CRANSTON, R.I. — World War II Navy veteran Frank Castelli Sr. dedicated his life to family and faith. After 30 years as a prison guard, “he just wanted to live his life nice and quiet,” said Frank Jr., who told of his father’s final days in March when, at age 84, he could no longer fight the salmonella infection that had ravaged his body.
After eating zeppole, an Italian pastry purchased at a bakery to celebrate St. Joseph’s Day, Castelli Sr. suffered flu-like symptoms for three days and then collapsed at home. He was hospitalized and never regained consciousness. He was taken off life support March 23.
The outbreak that killed Castelli Sr. and another elderly man sent 28 others to hospitals and sickened 78 people in Rhode Island and one in Massachusetts.
Rhode Island’s largest salmonella outbreak in more than a decade, according to the federal Centers for Disease Control and Prevention, has drawn attention to poor food handling practices by the now-closed DeFusco’s Bakery, which also distributed the zeppole to senior centers and churches, and to lack of oversight by the understaffed and underfunded state health department.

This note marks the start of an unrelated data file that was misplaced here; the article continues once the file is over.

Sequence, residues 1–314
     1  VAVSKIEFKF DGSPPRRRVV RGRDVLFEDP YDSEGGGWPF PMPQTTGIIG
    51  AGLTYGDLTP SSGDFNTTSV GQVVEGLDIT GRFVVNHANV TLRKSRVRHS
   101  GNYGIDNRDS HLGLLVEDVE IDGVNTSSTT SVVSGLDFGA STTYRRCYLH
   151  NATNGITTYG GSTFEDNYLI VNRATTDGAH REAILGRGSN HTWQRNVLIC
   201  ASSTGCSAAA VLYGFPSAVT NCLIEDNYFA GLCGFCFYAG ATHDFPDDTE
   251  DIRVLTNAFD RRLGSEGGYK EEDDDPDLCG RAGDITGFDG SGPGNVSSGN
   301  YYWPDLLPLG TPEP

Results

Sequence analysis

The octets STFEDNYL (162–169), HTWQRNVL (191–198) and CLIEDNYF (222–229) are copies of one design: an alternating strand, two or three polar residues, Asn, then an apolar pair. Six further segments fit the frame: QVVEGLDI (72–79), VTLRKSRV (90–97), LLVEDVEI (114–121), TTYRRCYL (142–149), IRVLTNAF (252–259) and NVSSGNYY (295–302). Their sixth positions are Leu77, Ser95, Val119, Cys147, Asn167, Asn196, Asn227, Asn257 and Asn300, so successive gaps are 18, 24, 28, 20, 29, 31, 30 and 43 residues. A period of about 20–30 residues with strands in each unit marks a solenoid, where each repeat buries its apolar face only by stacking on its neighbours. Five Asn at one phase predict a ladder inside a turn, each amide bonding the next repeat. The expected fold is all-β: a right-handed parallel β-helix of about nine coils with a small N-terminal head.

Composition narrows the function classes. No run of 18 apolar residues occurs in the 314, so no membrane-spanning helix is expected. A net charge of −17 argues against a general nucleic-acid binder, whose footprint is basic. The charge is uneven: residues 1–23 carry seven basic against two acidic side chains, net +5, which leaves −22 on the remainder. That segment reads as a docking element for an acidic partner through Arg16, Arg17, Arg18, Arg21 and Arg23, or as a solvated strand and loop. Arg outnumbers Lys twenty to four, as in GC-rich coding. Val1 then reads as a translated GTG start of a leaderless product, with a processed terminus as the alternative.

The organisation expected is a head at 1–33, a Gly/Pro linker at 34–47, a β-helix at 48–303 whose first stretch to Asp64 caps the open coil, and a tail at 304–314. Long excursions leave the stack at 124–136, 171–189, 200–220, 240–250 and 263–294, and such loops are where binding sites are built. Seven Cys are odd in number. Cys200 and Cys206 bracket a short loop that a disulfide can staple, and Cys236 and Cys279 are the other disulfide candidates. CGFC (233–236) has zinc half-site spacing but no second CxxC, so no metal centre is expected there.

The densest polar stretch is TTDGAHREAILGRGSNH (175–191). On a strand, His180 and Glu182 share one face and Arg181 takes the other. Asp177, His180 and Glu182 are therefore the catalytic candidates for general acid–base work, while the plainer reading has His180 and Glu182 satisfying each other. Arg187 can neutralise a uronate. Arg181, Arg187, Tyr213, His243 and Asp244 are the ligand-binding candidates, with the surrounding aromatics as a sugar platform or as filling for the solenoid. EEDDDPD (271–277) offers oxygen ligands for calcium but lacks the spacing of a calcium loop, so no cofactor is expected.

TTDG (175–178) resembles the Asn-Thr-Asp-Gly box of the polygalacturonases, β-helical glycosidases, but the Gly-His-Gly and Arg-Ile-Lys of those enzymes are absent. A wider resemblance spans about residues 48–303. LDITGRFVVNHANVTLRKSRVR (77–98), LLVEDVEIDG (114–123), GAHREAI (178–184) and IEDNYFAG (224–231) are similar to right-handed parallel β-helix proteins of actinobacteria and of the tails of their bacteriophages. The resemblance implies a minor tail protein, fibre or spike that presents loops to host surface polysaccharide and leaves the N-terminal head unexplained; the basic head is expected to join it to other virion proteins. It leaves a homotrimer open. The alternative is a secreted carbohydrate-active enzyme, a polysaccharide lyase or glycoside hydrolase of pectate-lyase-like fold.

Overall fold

Salmonella is the deadliest foodborne pathogen in the U.S. and, according to the food safety advocacy group Center for Science in the Public Interest, the second most common cause of outbreaks in restaurants and food establishments. More than a million Americans will be sickened by salmonella this year, the CDC projects, and Castelli Sr.’s death is one of 400 expected from the illness.
How states handle foodborne illness often depends on budget and staff, and this is reflected in Rhode Island.
The Rhode Island Department of Health has lost 11 state health inspectors since 2006 — there is no local or county enforcement — leaving seven people to monitor the 8,000 establishments that prepare, store or serve food to consumers. By contrast, North Carolina’s Food and Drug Protection Division has 35 inspectors for 7,700 establishments.